It all started with a question my brother asked me a couple of years ago about our travelling lifestyle. But, don’t you miss feeling like part of a community? he asked. Not at all, I said. Probably too quickly for his liking as he gave me that ‘look’.
We left Ontario November 9th – just the day before the 1st snow flakes fell! Chuck does a great job watching the weather as the dreaded snow is what we always want to avoid. So far the weather follower has been right on! We’re headed to Riverbend RV Resort for 3 months, arriving on December 1st, but our initial travels are taking us into a rather circuitous route…
We kind of goofed on our planning… We booked some service at the Newmar Factory in Nappanee, IN for the end of November and then decided to leave Ontario earlier than originally planned to visit with family along the way. So, it was down, around, up and back down we go!
We’re just into our 4th year of travelling with pets and it’s a frequently asked question!
Gracie is 10 years old and is a healthy, happy, well-behaved wheaten terrier. She is hypo-allergenic and doesn’t shed! Fred is 14 years old and while he is a happy and content lap cat he does shed, he’s been losing weight and is starting to show his age. So far, they’ve been so adaptable and are amazing travel companions! We’re lucky we haven’t encountered any real challenges but here’s just some of the things we have learned along the way.
I love totem poles and trying to decipher the stories they tell. I actually stopped to think if I had seen totem poles anywhere else other than the west coast. Many people (including myself) think of the totem pole as belonging to indigenous cultures all across Canada. As it turns out only six West Coast First Nations are responsible for the creation of totem poles – one being the Haida. Do you think it might have something to do with the over-abundance of huge old-growth cedar trees on the West Coast? I think I’m on to something!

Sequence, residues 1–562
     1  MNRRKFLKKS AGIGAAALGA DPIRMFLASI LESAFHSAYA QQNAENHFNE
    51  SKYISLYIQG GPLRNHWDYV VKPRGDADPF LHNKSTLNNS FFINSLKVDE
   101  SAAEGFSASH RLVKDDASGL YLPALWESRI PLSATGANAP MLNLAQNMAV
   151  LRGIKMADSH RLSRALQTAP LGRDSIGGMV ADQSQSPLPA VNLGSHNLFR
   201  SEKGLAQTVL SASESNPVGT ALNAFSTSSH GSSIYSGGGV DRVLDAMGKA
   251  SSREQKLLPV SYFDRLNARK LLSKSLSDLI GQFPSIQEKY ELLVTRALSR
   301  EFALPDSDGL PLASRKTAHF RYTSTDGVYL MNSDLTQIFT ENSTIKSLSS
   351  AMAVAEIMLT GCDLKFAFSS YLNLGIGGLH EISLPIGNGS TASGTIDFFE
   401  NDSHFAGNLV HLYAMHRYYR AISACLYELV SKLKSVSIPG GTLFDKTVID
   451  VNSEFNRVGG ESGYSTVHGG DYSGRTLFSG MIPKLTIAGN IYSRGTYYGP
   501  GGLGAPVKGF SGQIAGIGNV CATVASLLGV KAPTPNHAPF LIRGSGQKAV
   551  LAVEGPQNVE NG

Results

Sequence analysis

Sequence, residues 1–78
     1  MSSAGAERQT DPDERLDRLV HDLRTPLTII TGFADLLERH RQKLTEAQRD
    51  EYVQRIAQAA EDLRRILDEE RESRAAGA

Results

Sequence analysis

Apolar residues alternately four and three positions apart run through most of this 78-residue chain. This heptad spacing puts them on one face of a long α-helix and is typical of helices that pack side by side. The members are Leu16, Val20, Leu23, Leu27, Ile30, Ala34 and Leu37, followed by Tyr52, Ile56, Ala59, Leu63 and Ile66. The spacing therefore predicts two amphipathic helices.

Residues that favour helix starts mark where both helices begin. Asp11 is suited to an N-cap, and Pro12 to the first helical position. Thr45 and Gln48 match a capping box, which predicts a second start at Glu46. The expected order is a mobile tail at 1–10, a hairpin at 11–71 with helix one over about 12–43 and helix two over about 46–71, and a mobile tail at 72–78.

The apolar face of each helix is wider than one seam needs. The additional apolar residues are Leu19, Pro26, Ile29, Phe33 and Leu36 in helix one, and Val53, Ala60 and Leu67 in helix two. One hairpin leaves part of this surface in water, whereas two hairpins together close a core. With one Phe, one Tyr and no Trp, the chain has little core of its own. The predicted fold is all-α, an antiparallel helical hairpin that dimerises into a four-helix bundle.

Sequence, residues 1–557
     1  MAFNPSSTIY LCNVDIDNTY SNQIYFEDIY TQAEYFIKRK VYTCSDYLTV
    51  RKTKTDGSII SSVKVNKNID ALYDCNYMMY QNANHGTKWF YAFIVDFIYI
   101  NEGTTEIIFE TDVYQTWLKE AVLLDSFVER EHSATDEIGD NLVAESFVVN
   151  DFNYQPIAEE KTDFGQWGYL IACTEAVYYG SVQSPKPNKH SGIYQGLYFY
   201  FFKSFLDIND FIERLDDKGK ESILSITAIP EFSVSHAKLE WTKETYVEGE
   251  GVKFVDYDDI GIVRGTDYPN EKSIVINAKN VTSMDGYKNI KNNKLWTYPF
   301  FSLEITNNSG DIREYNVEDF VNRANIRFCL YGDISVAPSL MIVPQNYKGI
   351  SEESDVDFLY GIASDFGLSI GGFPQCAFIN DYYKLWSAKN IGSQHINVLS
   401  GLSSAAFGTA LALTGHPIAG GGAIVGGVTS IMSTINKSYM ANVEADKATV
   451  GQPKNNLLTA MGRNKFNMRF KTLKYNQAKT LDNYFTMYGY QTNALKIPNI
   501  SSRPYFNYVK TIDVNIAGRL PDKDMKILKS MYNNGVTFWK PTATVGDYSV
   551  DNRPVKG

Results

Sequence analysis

The M.V. Island Bay is a kayak “Mother Ship” that sleeps 5 – 6 guests, carries 6 kayaks, tows a dinghy and is equipped with various salmon and halibut fishing gear and traps for crabs and prawns. This vessel explores the islands of Haida Gwaii offering its guests a unique outdoor tour adventure. And a tour is only as informative, knowledgeable and professional as its crew and captain.
Travel requires good planning! When we decide where we’re headed Chuck researches the routes and driving times and plans the fuel and RV park stops. Critical to our planning is checking what the weather looks like – both short and long term. He looks at most destinations on the satellite view of Apple Maps ensuring there are no surprises (like we don’t fit). I research the ‘fun stuff’ which usually determines our length of stay. Our planning requires both an “A” and “B” plan with lots of flexibility, especially when weather is the concern.
When we sold our house and picked up our coach on June 28th, 2014 we didn’t even think about what 1000 days on the road would look like or where we would go. We just did it! Today we have officially been on the road “full time” for 1000 days and the reality has been far more grand than either of us imagined. But, what does it mean?
We have camped at 233 places and towed the pick-up truck 41,000 miles. We love that we can pick up and go on a whim or stay longer if we so choose. I love that Chuck loves to do the planning and map out the routes!